And fine things were, until another bombshell late on Saturday. In a carbon copy of the previous week, news broke that Mou would be leaving Madrid at the end of the season. But this time it was not the Spanish press, but the British brigade: The Sunday Times.
So the news that Mourinho would depart the Bernabeu was not new; it had been reported six nights earlier in Spain. This, though, had an added twist: Mou was heading back to the Premier League.
The journalist in question is known to have close links to the Mourinho camp, which not only means the source is surely credible, but that Jose had his say in the story being published in the first place.
All smiles | The Portuguese was a hit in England with ChelseaThat leaves two possible motives. The first, which is entirely plausible, is that Mourinho will indeed leave at the end of June. And given his track record, a summer switch would hardly be surprising. The Portuguese is clearly unhappy at his treatment from the Madrid media and - as in Italy, where he encountered a similar situation - he may have just decided that enough is, well, enough. One Copa del Rey, an increasingly likely Liga triumph, muchas gracias and adios.
Whether a league title will satisfy Mourinho's personal goals as he ticks another box in another country, only he will know. But should he win the Primera Division and see Barca regain the Champions League, it is likely to be a hollow triumph.
Nevertheless, he was brought here to bring titles - and he will have delivered them.
In fact, much will depend on the Champions League. Win La Liga and secure La Decima for Madrid and Mourinho may well depart, as he did with Inter. Jose, as we have seen before, likes to have the last laugh.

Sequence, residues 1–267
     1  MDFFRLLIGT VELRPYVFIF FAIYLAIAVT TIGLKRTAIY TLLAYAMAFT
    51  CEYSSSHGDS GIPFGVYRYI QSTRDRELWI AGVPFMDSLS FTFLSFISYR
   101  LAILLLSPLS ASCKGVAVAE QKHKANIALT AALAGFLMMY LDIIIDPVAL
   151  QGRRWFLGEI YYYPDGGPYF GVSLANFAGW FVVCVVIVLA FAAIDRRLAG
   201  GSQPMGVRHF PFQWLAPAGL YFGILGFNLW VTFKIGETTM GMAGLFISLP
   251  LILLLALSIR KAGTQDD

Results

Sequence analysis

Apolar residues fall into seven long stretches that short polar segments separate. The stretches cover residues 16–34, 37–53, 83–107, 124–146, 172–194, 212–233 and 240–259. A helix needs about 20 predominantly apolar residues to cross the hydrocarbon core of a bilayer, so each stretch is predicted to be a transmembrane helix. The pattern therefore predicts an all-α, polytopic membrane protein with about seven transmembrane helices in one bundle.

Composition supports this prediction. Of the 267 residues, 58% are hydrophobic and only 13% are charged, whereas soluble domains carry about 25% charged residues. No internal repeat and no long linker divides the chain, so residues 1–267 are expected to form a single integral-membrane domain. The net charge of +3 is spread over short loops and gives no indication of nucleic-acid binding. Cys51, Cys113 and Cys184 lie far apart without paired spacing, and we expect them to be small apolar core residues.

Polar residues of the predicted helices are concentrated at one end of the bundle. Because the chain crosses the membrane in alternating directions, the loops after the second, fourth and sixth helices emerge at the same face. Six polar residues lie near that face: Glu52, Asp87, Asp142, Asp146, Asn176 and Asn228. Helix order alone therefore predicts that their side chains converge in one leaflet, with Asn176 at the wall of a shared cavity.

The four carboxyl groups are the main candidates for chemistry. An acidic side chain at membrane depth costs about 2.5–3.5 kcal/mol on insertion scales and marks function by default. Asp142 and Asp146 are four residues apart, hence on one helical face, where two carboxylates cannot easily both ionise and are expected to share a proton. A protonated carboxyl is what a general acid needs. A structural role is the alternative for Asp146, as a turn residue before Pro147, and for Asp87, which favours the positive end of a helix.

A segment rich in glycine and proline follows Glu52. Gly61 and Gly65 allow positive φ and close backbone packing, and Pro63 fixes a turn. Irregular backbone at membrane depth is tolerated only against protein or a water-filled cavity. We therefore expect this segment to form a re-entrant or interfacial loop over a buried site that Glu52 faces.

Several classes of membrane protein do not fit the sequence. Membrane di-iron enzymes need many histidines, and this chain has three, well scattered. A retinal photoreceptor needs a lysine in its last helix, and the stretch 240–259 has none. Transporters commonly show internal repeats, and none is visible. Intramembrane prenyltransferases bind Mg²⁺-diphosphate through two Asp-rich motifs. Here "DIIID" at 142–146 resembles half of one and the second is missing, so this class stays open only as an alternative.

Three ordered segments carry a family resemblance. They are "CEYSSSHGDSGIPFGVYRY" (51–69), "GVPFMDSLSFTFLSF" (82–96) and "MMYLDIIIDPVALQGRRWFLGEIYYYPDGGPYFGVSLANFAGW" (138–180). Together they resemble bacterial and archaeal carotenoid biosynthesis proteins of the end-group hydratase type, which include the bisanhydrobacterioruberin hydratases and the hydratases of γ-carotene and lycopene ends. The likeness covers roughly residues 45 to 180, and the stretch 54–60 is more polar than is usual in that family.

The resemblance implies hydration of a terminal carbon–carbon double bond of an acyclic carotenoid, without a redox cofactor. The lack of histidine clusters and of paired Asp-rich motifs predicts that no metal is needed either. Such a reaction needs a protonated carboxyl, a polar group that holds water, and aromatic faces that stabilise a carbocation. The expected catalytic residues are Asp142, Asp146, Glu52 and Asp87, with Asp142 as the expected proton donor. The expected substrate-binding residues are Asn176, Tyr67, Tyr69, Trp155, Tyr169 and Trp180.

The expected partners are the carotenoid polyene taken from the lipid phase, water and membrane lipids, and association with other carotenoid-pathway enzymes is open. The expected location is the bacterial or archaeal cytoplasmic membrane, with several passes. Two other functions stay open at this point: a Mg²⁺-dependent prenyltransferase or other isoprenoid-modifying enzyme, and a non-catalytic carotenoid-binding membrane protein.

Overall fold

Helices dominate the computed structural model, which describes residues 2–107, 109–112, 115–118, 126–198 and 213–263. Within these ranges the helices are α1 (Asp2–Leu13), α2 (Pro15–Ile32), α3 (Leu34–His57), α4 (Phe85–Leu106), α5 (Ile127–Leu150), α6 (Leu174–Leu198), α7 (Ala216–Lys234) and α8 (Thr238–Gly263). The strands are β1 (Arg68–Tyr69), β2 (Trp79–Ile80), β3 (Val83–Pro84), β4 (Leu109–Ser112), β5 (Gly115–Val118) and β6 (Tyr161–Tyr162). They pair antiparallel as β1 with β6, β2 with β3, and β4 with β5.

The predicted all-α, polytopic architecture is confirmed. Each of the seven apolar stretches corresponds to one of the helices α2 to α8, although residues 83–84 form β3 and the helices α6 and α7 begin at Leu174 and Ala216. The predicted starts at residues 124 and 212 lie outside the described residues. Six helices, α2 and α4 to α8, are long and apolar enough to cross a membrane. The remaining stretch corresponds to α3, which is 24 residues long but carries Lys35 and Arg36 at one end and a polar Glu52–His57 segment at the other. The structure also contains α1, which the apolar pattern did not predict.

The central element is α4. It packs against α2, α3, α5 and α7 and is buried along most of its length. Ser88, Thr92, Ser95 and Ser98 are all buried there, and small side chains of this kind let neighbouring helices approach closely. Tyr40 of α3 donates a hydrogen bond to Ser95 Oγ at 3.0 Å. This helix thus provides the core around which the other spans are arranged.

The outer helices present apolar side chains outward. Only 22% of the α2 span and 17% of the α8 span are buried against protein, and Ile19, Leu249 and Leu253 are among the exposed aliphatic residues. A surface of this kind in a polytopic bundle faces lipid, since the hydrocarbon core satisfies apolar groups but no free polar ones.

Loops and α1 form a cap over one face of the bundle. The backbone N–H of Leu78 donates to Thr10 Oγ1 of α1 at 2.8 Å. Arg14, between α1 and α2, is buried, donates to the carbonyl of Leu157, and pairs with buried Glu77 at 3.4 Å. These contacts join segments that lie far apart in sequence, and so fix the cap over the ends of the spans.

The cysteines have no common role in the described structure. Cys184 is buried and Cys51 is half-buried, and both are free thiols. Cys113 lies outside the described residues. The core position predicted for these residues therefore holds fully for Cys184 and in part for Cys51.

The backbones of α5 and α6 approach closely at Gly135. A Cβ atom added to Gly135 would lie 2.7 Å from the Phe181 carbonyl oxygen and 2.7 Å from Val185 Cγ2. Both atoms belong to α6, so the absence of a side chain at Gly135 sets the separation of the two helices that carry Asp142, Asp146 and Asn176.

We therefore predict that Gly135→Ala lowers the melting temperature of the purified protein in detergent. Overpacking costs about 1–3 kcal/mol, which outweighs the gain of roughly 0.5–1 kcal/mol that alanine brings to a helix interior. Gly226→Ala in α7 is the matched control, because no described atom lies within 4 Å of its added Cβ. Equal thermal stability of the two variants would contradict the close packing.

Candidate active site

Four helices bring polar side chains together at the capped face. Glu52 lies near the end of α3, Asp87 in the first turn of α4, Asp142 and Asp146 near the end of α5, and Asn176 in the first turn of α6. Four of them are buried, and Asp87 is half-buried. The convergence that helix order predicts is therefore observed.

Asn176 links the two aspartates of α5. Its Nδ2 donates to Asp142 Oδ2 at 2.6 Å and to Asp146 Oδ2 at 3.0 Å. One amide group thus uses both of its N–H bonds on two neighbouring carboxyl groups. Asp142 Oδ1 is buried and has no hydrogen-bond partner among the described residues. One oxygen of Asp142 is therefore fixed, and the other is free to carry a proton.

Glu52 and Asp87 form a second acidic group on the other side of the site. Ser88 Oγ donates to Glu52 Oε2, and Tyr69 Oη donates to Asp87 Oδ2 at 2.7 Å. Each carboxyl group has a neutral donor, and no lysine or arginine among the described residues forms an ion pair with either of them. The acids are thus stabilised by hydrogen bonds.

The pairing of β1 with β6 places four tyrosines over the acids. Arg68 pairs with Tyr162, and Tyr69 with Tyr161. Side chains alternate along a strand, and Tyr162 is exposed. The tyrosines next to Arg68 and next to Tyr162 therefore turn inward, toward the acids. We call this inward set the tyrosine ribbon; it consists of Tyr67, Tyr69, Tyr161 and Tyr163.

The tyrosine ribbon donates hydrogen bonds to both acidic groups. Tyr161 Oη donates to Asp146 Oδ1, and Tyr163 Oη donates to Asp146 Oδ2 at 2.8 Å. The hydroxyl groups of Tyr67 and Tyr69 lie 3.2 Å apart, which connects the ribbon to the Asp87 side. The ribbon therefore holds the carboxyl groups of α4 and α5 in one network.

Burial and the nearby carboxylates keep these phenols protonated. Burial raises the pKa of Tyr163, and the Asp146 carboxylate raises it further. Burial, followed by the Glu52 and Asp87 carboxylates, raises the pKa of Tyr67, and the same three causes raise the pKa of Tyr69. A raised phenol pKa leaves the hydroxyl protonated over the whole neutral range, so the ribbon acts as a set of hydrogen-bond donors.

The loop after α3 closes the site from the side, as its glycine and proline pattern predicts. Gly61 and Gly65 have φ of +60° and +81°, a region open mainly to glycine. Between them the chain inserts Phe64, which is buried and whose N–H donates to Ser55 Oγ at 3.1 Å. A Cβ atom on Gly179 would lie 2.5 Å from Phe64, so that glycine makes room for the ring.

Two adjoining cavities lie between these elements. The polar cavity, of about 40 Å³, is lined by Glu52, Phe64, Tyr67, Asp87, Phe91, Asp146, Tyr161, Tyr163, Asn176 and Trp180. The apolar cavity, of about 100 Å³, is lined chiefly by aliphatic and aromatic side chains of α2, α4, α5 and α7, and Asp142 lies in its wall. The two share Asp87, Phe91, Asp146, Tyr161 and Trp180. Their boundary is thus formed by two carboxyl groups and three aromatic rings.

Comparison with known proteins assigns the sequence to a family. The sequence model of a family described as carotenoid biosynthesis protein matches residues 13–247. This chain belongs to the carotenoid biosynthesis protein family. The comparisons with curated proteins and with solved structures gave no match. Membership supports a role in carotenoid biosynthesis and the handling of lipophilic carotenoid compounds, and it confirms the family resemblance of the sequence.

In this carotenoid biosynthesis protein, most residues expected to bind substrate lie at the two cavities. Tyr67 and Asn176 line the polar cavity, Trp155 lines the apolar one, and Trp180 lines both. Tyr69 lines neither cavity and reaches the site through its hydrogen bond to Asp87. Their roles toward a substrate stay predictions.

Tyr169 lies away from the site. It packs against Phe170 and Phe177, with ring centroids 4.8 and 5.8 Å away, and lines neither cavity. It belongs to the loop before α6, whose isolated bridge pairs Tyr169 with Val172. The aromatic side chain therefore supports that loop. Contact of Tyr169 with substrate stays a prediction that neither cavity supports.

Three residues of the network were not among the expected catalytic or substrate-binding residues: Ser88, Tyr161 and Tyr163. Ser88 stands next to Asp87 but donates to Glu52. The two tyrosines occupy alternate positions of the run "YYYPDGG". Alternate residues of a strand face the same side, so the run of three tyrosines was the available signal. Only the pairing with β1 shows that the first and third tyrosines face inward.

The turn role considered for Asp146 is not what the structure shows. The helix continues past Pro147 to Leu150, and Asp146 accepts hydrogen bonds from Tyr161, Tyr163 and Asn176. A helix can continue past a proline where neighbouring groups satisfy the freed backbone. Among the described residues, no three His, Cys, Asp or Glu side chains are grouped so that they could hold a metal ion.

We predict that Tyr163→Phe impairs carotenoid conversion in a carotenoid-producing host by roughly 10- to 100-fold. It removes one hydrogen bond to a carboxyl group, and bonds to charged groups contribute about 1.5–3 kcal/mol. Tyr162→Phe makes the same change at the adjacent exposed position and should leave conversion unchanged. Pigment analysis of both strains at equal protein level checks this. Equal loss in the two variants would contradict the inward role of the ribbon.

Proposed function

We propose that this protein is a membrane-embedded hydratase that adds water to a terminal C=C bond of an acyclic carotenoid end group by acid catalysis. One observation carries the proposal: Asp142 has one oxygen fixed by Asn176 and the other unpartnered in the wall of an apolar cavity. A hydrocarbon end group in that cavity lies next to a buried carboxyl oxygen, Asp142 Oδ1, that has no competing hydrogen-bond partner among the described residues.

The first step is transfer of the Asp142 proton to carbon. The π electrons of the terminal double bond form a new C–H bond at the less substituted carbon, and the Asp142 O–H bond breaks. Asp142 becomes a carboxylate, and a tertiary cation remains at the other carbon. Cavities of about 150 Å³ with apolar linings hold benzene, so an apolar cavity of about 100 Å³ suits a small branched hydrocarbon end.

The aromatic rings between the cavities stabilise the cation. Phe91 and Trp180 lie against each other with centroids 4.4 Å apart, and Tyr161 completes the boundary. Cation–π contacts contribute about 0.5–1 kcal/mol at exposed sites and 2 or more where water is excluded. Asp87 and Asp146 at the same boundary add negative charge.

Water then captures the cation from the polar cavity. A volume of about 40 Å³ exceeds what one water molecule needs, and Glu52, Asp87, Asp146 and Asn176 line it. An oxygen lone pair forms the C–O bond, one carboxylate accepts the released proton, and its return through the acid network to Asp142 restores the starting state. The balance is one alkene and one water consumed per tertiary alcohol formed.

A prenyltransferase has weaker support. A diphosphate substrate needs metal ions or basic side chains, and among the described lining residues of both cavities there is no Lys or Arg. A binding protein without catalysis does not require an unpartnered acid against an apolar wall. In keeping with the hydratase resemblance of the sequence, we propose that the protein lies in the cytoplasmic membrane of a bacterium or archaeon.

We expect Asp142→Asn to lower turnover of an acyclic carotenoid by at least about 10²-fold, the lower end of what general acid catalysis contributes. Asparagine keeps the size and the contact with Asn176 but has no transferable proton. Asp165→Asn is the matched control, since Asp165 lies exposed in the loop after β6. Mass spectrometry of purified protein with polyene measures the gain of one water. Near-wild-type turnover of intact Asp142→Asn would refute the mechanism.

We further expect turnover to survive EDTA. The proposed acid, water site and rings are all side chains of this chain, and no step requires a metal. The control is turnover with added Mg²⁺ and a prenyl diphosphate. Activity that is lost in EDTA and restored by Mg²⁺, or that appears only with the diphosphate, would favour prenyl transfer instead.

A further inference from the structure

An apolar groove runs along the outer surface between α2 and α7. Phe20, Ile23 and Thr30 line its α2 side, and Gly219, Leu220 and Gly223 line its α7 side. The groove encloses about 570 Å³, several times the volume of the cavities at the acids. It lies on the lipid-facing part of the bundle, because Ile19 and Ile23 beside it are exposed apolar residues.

But whether his mind is made up or not, it is clear that the Portuguese is playing the press. Whatever happens, he knows he needs the fans on his side if Madrid are to achieve success this term, and that means the Madrid media, too.
Win La Liga and secure La Decima for Madrid and Mou may well depart, as he did with Inter. Jose, as we have seen before, likes to have the last laugh
Although much maligned in recent weeks, Mourinho can point to his side's healthy lead over the team described not only as the best in the world, but perhaps the finest footballing side in history. Nobody else has managed to put such daylight between themselves and Guardiola's group of greats, let alone seven points. So whatever water has passed under the Bernabeu bridge, Madrid cannot afford to lose their leader. And he knows it.
Whether he is looking to smooth things over until the end of the season or alter perceptions ahead of a third and, perhaps even more successful season at the capital club, Mourinho knows he is, right now, indispensable.
Claims he may have to pay €15 million to Madrid for failure to complete his contract (which ends in 2014) are by the bye, because any prospective employer would settle that debt, anyway.
Whatever his intention, Mourinho has made Madridistas step back and say: 'Hang on, where were we before you came?' And the answer, despite the club's glorious history, is: not in a very good position.
So while his decision has probably not actually been made 100 per cent, the script is, perhaps, already written: Mou marches on, Madridistas are melancholic, the myth is maintained. As they say in showbusiness: Always leave the public wanting more. And Mou is the master when it comes to such spectacles, as he showed at Porto, Chelsea and Inter, departing only after he had delivered incredible success. But soon enough to be sorely missed.
Alternatively, he could still surprise us all and stay in Spain. Either way, one thing is for sure: he is leaving nothing at all to chance.